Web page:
New Report Labs Differ Widely in BRCA Testing Protocols

February 16, 2018
Genetic testing at The OSUCCC James

COLUMBUS, Ohio – An international survey of genetic testing labs shows that – despite the availability of BRCA1 and BRCA2 testing for more than two decades – global protocols and standards are surprisingly inconsistent when it comes to analyzing cancer susceptibility genes and their many variations.

A multi-institutional team led by Amanda Toland, PhD, of The Ohio State University Comprehensive Cancer Center – Arthur G. James Cancer Hospital and Richard J. Solove Research Institute (OSUCCC – James) surveyed 86 genetic testing laboratories around the world to better understand their testing practices for BRCA1/2, known cancer susceptibility genes linked the types of breast and ovarian cancer passed down through families.

The vast majority of responding labs — 93 percent — used modern next-generation sequencing technologies that allow for simultaneous screening of multiple genes in a single, advanced test. Just six relied on Sanger sequencing methods, the traditional approach used for genetic testing prior to the availability of advanced genomic testing tools like next-generation sequencing.

Overall, researchers found that laboratories differed widely in their approach to analyzing BRCA — including in the extent of variant confirmation, whether non-coding DNA regions were sequenced and the techniques used to detect large genomic rearrangements that could provide clues about future cancer risk.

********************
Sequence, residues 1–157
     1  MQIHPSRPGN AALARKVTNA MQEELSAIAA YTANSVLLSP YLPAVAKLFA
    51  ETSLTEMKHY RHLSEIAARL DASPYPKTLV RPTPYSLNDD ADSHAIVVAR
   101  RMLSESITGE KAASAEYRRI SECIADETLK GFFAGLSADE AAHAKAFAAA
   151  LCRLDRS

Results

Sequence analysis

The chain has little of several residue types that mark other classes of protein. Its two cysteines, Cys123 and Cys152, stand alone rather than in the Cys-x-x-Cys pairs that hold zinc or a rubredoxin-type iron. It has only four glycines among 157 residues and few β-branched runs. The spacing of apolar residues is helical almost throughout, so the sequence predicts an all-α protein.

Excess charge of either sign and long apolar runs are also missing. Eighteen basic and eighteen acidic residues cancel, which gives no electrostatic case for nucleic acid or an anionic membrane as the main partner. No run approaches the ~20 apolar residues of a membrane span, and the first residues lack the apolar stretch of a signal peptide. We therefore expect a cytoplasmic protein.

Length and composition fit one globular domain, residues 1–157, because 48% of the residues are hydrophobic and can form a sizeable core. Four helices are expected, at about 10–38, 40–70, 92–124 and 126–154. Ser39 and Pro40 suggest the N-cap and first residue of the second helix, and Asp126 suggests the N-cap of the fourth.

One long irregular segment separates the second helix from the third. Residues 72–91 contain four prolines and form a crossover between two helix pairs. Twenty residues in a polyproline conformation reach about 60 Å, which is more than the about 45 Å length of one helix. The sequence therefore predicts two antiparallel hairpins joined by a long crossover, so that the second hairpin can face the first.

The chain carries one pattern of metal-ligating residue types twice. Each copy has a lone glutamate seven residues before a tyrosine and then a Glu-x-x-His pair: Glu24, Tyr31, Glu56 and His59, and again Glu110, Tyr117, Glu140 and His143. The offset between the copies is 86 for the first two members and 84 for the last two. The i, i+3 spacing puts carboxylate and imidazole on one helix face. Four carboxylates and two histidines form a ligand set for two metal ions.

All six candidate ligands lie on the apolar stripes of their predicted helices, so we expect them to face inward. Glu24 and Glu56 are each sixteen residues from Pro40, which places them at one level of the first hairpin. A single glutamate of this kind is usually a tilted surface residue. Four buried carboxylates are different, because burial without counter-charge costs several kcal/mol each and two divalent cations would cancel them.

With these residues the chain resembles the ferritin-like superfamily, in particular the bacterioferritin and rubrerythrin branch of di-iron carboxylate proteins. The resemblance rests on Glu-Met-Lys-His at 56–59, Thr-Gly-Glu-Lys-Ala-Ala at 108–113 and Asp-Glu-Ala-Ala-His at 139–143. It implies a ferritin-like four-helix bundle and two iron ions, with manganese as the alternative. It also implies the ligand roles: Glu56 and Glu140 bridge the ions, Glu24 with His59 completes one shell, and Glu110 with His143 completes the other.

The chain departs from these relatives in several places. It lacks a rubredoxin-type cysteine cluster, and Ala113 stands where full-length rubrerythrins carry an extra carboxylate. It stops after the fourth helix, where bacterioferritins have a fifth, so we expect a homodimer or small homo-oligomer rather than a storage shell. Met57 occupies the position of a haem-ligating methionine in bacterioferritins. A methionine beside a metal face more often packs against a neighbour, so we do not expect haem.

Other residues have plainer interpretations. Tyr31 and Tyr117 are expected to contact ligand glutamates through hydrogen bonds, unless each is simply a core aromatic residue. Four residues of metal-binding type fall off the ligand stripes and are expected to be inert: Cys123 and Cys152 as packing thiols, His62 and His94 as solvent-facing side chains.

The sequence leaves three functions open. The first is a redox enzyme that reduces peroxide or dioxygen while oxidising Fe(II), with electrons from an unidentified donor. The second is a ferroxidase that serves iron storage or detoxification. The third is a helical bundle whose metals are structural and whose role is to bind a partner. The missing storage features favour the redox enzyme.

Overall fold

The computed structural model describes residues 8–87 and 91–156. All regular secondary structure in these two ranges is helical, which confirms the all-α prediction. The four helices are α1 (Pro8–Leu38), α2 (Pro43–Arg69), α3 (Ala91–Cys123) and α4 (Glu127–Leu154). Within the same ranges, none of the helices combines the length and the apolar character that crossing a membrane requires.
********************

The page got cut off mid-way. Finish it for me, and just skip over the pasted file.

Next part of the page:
“This is important because it means that patients could be getting a different level of accuracy in their genetic results, based on the level of testing beyond baseline BRCA1/2 testing – there are variants of these cancer susceptibility genes that could be missed by some approaches and which are important to know about in terms of overall cancer risk,” says Toland. “Global best-practice guidelines for BRCA testing are needed to ensure consistency in testing for patients, regardless of where they obtain their testing.”

Survey results are reported in the Feb. 15, 2018, edition of the scientific journal, NPJ Genomic Medicine. Collaborators in the study: Andrea Forman, Fergus J. Couch,Julie O. Culver,Diana M. Eccles,William D. Foulkes,Frans B. L. Hogervorst,Claude Houdayer,Ephrat Levy-Lahad,Alvaro N. Monteiro,Susan L. Neuhausen,Sharon E. Plon,Shyam K. Sharan,Amanda B. Spurdle,Csilla Szabo,and Lawrence C. Brody. The study was supported by the Intramural Research Program of the National Human Genome Research Institute, the Intramural Research Program, Center for Cancer Research, National Cancer Institute, the Florida Breast Cancer Foundation, the Australian National Health and Medical Research Center (NHMRC) the Morris and Horowitz Families and the Canadian Institute for Health Research.


About the OSUCCC – James
The Ohio State University Comprehensive Cancer Center – Arthur G. James Cancer Hospital and Richard J. Solove Research Institute strives to create a cancer-free world by integrating scientific research with excellence in education and patient-centered care, a strategy that leads to better methods of prevention, detection and treatment. Ohio State is one of 49 National Cancer Institute-designated Comprehensive Cancer Centers and one of only a few centers funded by the NCI to conduct both phase I and phase II clinical trials on novel anticancer drugs. As the cancer program’s 308-bed adult patient-care component, The James is one of the top cancer hospitals in the nation as ranked by U.S. News & World Report and has achieved Magnet ® designation, the highest honor an organization can receive for quality patient care and professional nursing practice. With 21 floors and more than 1.1 million square feet, The James is a transformational facility that fosters collaboration and integration of cancer research and clinical cancer care. For more information, visit

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